The bell rang and the fans fired up clapping. The announcers talked about how Shingo had not faced Okada since he found himself during the G1 Climax tournament. They started out slowly and went to the floor. Okada hit a DDT, but Shingo rose up and connected with a suplex and the fans fired up. Takagi methodically worked over Okada until Okada fired back and caught him with an elbow off the ropes and both men were down. Okada placed Takagi up top and nailed him with a dropkick and he fell to the floor. Okada booted Takagi over the guardrail and nailed him with a splash over the guardrail a short time later and the fans fired up.

Okada hit a tombstone and went for the Money Clip. The announcers talked about how Okada was staying away from the Rainmaker because Shingo scouted it so well during their last match at Dominion. Okada took Takagi down to the mat with the MC, but he got to the ropes to break the hold. The fans fired up with Okada in control. Kelly mentioned that Okada was unable to connect with the Rainmaker during their match at Dominion in June. Okada went to lift Takagi, but Takagi fired up and wiped him out with a Rainmaker and both men were down and the fans fired up with claps once again. Shingo hit the Rainmaker pose and Okada fired up and nailed him with kicks and punches. Okada shoved the ref away and went after Okada. They went back and forth and both men no-sold big moves before Takagi wiped out Okada with a huge clothesline after Okada had nailed him with a shotgun dropkick.

They brawled up the ramp and Shingo and Okada went back and forth until Takagi nailed him with a big DVD. The fans fired up again with claps with both men down on the ramp. Both men barely made it back to the ring. Takagi hit a sliding lariat and the fans fired up with claps. Shingo set up for Made in Japan, but Okada got out of it and caught him with a dropkick off the ropes. Takagi ducked a Rainmaker, but Okada got a bridge and then rolled him through into a Rainmaker. Okada held on and hit a second Rainmaker. Okada let out a scream and went for another, but Takagi countered it into Made in Japan. He held on and hit Last of the Dragon, but Okada kicked out! Takagi hit a Pumping Bomber for a near fall. Okada hit a flush Rainmaker, but he couldn’t get up to make the pin!

Both men traded blows from their knees. The announcers mentioned Okada had a swollen left eye.They got to their feet and continued to trade bombs. Shingo hit a bunch of slaps and Okada just looked at him and hit a big forearm. Shingo carried Okada up top for Stay Dream, but Okada ended up countering him with a DDT. WOW! They went at it again and this time Takagi grounded Okada with a huge lariat and the fans fired up. Takagi went for Last of the Dragon, but Okada got out of it. He went for a tombstone, but Takagi got out and hit a dragon suplex. He bounced off the ropes, but Okada nailed him with a dropkick. Shingo got right up, but walked into the Landslide Tombstone. Okada then hit the Rainmaker for the win. What a match!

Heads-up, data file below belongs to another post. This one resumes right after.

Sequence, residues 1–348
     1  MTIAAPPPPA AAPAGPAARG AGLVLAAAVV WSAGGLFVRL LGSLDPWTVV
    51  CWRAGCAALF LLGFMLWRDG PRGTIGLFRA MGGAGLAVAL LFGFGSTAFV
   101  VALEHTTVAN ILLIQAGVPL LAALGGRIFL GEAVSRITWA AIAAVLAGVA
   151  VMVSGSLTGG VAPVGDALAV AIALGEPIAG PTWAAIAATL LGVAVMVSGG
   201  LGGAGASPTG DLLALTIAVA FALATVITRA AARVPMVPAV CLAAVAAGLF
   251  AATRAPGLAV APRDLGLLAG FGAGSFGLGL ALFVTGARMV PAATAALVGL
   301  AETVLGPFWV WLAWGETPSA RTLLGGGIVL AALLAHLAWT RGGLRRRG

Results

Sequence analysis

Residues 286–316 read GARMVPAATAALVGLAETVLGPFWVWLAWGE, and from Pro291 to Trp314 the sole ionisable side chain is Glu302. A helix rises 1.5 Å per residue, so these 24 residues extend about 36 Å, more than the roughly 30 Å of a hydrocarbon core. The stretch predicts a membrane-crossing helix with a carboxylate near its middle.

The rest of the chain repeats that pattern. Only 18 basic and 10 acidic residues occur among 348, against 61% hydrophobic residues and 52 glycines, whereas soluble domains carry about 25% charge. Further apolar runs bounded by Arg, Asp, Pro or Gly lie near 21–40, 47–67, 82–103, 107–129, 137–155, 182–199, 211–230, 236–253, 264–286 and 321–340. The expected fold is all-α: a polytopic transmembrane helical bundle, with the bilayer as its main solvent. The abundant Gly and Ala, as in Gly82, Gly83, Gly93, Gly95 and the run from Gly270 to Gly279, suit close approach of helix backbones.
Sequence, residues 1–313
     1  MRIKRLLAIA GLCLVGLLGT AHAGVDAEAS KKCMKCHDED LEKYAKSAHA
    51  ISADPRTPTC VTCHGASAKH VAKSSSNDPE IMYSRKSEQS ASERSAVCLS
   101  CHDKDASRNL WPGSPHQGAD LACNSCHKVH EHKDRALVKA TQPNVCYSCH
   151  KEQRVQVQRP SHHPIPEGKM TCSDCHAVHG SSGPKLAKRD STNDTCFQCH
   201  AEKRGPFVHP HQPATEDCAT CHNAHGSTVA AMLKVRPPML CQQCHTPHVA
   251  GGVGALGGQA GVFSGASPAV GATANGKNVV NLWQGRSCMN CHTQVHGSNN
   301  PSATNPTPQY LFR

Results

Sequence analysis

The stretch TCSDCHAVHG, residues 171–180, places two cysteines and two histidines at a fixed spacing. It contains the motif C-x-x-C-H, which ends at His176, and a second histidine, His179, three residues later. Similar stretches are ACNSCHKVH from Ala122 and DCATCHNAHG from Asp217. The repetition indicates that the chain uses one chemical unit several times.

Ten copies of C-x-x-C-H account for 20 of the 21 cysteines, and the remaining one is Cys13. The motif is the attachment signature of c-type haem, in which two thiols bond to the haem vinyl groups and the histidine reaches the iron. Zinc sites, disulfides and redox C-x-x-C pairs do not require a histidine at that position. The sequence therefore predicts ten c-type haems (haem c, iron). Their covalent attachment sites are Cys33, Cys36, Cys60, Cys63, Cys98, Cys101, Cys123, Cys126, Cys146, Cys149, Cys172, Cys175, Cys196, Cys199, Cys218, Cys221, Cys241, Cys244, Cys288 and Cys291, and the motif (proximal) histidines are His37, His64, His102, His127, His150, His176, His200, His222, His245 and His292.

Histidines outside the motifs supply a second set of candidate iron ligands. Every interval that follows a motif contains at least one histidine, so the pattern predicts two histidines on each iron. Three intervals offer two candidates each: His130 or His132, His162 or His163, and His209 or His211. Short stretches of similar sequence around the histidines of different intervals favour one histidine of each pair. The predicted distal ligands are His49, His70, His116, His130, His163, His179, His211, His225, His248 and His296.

WINNER: Kazuchika Okada at 35:44 to become the new IWGP World Hvt. Champion. (****½)

(Radican’s Analysis: Just a tremendous match. The crowd really got into this as much as they could given the restrictions. The tide turned when Takagi mocked Okada’s Rainmaker pose. They had some tremendous back and forth sequences down the stretch and they mixed in some great counters and fighting spirit spots as well.)

After the match, Okada would not accept the IWGP World Hvt. Championship and instead he raised up the fourth generation IWGP Hvt. Championship. The fans applauded. The ref then put the IWGP World Hvt. Championship around his waist.

Will Ospreay came down to ringside and announced Okada as the new interim IWGP World Hvt. Champion. He told Okada he’s had a rough 2021. He said Okada’s new gear looks cheap. He laughed and said the fans agree with him. He said Okada looked exhausted. He said Okada can go away from NJPW and be an actor. He said NJPW would be safe in his hands.

Okada said he will see Ospreay tomorrow. He called Ospreay a fake champion and told him to have a good night. Ospreay said he would enjoy knocking Ospreay’s head off tomorrow. Okada tapped the mic so the fans would clap. The fans clapped it up for Okada. He thanked the fans and said Happy New Year. He said the year doesn’t begin until Wrestle Kingdom. He said Shingo is the real deal and that was a real deal fight. He said he brought the fourth generation belt and the IWGP Hvt. Championship was at the forefront of NJPW’s fifty year history. He said for there to be a IWGP World Hvt. Championship, he would not refute it. He called for applause for the IWGP World Hvt. Championship and the fourth generation title. He said tomorrow there’s another title match. He said the fifty year celebration of NJPW has only just begun. The fans clapped. He said NJPW is the best promotion in the world with the best matches in the world. He said there’s more to come with Kazuchika Okada on top. He thanked everyone for coming and said they’re still battling the pandemic, but the wrestlers will be there as long as the fans support them. He said let’s have a promise that on Jan. 4 next year we will have a packed house. He said he will see the fans tomorrow and they will make it rain on the fifty year anniversary of NJPW.

Contact Sean at pwtorchsean@gmail.com. Follow him on Twitter @SR_Torch